Regarding actual health risks, creatine supplements have proven safe for most athletes in moderation. Too much creatine, however, can adversely affect your liver, kidney, and heart. Other overuse issues can include stomach pain, nausea, and muscle cramping.
Creatine supplements are unsafe for pregnant runners and those with diabetes, kidney disease, and hypertension. If you have any doubt whether creatine supplements will be safe for you to consume, consult your doctor.
Choosing Suitable Creatine Supplements
As with any supplementary product, creatine supplements come in two distinct categories: good and bad. The good ones will provide all the benefits of creatine while mitigating the downsides. The bad ones won’t do anything besides make you feel terrible.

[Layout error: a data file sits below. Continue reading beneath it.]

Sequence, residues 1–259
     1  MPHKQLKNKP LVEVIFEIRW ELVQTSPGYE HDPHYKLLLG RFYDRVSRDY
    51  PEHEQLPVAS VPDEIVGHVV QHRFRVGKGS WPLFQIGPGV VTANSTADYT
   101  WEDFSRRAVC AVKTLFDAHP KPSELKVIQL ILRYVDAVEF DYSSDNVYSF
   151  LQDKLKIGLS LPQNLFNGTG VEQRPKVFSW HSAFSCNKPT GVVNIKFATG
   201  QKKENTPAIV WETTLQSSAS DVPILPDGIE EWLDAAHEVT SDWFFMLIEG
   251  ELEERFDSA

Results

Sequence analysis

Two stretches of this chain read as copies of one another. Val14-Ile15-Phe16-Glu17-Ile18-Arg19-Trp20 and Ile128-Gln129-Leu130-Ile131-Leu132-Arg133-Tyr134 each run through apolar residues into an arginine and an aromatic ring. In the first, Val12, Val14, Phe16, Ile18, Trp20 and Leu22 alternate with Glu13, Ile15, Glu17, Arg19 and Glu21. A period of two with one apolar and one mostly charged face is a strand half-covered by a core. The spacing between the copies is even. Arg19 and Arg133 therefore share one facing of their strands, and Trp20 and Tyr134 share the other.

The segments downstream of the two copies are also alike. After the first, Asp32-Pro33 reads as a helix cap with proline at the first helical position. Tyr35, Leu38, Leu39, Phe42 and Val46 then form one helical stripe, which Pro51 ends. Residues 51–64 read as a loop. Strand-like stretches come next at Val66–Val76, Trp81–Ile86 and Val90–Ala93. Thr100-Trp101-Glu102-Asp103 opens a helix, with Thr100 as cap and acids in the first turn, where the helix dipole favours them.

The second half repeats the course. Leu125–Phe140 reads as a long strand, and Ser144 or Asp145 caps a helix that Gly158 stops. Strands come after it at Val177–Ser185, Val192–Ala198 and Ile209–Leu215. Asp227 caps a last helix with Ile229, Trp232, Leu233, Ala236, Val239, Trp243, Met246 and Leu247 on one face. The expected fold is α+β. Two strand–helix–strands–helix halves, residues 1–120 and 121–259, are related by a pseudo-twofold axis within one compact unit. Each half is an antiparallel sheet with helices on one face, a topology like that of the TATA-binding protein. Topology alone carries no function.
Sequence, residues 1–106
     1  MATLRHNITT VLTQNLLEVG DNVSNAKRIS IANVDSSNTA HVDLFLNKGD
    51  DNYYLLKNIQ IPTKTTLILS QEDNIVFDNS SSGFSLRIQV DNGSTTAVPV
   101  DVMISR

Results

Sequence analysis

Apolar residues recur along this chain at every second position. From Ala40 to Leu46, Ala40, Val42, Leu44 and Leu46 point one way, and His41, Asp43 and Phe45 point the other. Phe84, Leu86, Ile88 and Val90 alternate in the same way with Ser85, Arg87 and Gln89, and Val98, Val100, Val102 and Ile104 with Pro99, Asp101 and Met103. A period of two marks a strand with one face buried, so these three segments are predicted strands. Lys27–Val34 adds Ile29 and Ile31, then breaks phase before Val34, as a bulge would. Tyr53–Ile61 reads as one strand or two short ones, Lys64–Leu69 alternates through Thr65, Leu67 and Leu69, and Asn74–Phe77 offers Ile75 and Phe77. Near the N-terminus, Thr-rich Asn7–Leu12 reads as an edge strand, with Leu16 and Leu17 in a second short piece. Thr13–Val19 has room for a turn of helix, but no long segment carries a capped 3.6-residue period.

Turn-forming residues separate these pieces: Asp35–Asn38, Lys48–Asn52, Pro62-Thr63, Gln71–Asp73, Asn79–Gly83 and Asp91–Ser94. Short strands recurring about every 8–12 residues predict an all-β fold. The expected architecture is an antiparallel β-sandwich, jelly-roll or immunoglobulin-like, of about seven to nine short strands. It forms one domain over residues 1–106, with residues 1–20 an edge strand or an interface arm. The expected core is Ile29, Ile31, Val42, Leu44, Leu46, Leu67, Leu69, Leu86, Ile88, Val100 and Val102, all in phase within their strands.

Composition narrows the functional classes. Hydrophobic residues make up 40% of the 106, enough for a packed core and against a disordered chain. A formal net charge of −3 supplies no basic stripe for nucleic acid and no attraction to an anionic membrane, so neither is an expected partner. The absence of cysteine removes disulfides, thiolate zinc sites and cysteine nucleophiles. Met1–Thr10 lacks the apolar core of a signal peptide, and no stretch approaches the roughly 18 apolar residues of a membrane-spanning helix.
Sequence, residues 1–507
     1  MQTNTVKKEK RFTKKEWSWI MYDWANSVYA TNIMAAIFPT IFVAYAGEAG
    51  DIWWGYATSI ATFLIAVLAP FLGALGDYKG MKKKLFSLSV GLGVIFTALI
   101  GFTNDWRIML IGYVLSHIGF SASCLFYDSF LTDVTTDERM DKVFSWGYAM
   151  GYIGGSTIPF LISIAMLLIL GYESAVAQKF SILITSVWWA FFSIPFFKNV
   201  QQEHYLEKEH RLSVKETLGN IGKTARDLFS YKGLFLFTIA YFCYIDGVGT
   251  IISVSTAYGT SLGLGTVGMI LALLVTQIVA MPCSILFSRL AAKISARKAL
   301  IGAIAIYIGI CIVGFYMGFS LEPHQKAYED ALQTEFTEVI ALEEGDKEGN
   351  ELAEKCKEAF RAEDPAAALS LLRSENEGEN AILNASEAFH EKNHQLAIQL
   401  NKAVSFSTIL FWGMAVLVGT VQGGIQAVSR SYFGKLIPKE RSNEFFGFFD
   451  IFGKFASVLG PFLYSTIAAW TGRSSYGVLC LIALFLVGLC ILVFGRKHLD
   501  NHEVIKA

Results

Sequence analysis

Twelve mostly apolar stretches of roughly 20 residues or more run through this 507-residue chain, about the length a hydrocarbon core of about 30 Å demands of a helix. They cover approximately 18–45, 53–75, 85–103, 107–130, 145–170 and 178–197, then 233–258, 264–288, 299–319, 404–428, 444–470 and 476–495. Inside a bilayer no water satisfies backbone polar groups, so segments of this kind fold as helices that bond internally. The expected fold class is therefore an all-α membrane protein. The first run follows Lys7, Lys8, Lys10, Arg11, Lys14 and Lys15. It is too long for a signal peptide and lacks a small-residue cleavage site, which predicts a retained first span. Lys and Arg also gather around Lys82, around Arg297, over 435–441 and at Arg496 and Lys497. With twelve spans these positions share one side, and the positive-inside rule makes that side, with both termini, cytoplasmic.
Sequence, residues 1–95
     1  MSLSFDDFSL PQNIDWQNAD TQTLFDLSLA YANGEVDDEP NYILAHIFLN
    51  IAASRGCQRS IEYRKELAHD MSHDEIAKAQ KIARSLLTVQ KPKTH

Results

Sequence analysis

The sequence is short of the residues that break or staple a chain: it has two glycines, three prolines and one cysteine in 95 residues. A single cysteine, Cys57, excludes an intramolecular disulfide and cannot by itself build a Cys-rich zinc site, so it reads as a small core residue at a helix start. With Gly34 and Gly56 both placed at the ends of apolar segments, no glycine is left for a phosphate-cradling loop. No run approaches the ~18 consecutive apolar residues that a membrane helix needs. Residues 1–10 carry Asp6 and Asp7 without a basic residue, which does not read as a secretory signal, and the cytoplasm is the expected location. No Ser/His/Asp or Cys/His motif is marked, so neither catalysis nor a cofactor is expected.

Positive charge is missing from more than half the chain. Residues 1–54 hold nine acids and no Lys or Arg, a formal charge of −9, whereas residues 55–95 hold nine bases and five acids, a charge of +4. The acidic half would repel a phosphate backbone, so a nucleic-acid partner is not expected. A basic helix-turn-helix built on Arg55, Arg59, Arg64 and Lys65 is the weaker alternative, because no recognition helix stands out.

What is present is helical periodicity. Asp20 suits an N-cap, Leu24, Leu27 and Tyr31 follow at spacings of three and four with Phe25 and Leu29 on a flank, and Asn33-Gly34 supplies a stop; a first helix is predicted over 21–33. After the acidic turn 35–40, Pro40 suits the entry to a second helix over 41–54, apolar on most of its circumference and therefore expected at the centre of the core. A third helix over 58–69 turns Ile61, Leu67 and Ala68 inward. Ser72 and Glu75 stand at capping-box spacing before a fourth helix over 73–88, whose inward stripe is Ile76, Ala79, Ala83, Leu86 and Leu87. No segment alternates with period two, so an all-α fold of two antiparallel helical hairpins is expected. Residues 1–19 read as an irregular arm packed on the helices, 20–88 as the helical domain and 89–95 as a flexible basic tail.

Runners should look for creatine products that are as pure as possible, i.e., those with minimal additives such as caffeine, ephedra, and other dangerous substances. Start with a small dose of creatine and gradually work your way up while observing its effects on your body. If you notice an improvement, stick with it, but don’t overdo it.
According to the ISSN, creatine monohydrate is the best supplementation source of creatine. They also state that creatine absorption is enhanced when consumed with carbohydrates and protein.
Use in Moderation and Monitor The Effects
Like most popular supplements, a fair amount of research still needs to be conducted before creatine can be fully accepted as a healthy and effective energy and performance-enhancing solution. As we’ve seen, however, creatine can provide plenty of benefits to improve your workouts and performance.
Still, keep everything we’ve said in mind regarding the potential drawbacks and safety concerns to ensure you remain as healthy as possible.